Letter to the Editor to be published in the journal Contraception

Coming soon to Contraception and ContraceptionX!

Below is a Letter to the Editor that has been accepted and will be published soon in Contraception. It is in response to an editorial that appeared in March, which broke a long silence about the importance of voluntary contraception and abortion to the environment, among many people who are involved in family planning.

The publisher, Elsevier, allows a final draft to be published–here it is. Please let me know if you would like a .pdf, once it has been published. I can share it with peers, but don’t think I can post it on my website.


Thank you for recognizing the importance of family planning to our environment

Richard Grossman MD, MPH

Affiliated Faculty, Biology Department

Fort Lewis College

800 Heartwood Lane

Bayfield, CO  81122


Keywords: Family planning; Population growth; Environment

Corresponding Author: Richard Grossman


  • Voluntary family planning has successfully slowed population growth
  • Larger population means more impact on our environment
  • The Commentary “Family planning, population growth and the environment” is welcome

To the Editors:

I was delighted to read the March, 2020 Commentary, “Family planning, population growth, and the environment” by Jeffrey Jensen and Mitchell Crenin. It connects the increase in human population, and our consumption, to the environmental problems, such as climate change, we are facing. Although I have been reading Contraception for almost all of its 50 years of publication, I can remember few articles in the past that makes this connection.

The Commentary celebrates the work that family planning workers have done over the past decades. Without access to contraception and abortion, our human population would be much larger than it already is, and environmental problems even worse. We tend to be most aware of and stress the importance of voluntary family planning to individuals. However, other species and the overall health of the planet also have benefitted greatly from our efforts.

Because of our services, the patients we serve are healthier—and so are their families. Empowered by our services, women are able to continue their education, live up to their potential and take leadership positions in our society. We also have made huge positive impacts on society.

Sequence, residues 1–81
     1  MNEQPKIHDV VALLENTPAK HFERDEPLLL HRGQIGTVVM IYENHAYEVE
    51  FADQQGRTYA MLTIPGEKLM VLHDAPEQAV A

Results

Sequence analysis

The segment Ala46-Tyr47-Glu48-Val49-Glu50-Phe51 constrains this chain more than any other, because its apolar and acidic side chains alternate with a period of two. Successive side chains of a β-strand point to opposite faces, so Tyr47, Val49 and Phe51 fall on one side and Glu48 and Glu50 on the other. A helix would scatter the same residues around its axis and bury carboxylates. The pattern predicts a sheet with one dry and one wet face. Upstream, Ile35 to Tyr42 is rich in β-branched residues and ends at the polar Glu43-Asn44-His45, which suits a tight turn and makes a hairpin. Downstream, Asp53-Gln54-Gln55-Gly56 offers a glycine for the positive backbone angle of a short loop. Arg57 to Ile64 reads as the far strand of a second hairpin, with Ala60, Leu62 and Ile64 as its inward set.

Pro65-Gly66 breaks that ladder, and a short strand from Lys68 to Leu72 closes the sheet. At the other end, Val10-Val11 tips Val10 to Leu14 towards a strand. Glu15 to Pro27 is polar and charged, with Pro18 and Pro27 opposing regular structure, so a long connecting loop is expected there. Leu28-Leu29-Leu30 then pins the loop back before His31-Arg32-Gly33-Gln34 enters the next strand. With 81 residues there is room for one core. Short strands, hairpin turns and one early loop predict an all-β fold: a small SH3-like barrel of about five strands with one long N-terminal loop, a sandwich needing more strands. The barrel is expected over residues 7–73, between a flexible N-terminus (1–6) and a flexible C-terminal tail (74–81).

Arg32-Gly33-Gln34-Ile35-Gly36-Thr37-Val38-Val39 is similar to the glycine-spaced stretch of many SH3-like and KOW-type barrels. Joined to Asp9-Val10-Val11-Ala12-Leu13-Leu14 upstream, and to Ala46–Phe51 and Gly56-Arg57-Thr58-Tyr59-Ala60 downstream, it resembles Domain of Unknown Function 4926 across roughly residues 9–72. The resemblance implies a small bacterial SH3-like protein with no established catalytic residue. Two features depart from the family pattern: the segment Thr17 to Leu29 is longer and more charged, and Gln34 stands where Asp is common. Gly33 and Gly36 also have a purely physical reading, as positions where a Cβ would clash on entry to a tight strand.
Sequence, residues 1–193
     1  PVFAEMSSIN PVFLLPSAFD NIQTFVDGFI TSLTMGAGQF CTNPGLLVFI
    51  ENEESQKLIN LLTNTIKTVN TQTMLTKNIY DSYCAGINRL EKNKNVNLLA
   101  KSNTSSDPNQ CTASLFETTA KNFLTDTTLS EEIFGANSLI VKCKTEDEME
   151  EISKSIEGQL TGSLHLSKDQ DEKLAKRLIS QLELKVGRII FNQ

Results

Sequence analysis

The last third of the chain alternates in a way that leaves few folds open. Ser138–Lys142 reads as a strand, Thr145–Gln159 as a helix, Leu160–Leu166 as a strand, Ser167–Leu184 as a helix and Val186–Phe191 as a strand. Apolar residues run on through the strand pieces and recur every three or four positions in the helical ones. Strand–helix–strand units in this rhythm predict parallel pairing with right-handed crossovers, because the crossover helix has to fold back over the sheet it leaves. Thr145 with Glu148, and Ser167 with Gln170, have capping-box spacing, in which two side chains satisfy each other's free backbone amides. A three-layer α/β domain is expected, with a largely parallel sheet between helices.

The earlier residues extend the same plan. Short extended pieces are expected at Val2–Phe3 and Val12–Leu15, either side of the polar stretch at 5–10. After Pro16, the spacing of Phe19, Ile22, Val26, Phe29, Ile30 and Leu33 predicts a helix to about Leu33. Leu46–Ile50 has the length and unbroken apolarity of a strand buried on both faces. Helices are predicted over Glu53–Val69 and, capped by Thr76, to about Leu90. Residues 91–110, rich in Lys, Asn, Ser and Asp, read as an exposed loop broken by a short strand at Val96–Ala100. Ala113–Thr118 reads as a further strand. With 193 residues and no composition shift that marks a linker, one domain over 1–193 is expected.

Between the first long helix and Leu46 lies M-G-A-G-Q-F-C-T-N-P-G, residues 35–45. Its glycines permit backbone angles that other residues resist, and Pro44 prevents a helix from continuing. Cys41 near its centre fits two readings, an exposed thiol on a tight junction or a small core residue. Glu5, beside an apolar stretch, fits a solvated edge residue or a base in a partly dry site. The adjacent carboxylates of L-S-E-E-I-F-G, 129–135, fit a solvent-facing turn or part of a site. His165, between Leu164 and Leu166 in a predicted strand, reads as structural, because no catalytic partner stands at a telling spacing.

I agree with the Commentary when it states: “As family planning specialists, we should devote part of our effort to educating policy leaders and the public about the importance of our work from an environmental standpoint.” Indeed, several of us have, but not enough. My contribution has been monthly essays on aspects of human population.1 Warren Hern, another Fellow of the Society, has written on this subject for decades.2, 3

Many others have studied the interrelationship between human population and the environment, often commenting on the value of family planning. O’Neill et al. estimate the potential of family planning to decrease carbon emissions.4Bongaarts & O’Neill lament that the IPCC doesn’t pay more attention to population.5 Population, health and environment programs that incorporate family planning may help to save biodiversity hotspots.6 The Center for Biological Diversity uses Endangered Species Condoms, which it gives away, to inform people about the connection between human population and endangered species.7

In the past some family planning providers have been shy about acknowledging the connection between family planning and the state of the environment. I performed an (unpublished) survey of the Society’s Fellows in 2014. Some of the responses recognized the importance of family planning to the environment, while others seemed to take offense at this idea.

I look forward to reading more in Contraception about the importance of voluntary family planning to the state of our environment.


[1]       Grossman R. Population Matters-USA. Accessed 5-2-2020.

[2]       Hern, W. Is human culture carcinogenic for uncontrolled population growth and ecological destruction? BioScience 1993; 43(11):768-773.

[3] Hern, W. Choose between candidates who understand global ecological realities, and those who don’t. The Colorado Statesman 2012; 113(9):1535. accessed 4-30-2020

Also available at:

[4]       O’Neill BC, Dalton M, Fuchs R, Jiang L, Pachauri S, Zigova K. Global demographic trends and future carbon emissions. 2010;

[5]       Bongaarts, J & BC O’Neill. Global warming policy: Is population left out in the cold?  Science  17 Aug 2018: 361(6403):650-652 DOI: 10.1126/science.aat8680

[6]       Blue Ventures. Accessed 5-2-2020.

[7 ]      Endangered Species Condoms. Accessed 5-2-2020.

By Richard

I am a retired obstetrician-gynecologist who has been fortunate to live and work in the wonderful community of Durango, Colorado for 40 years.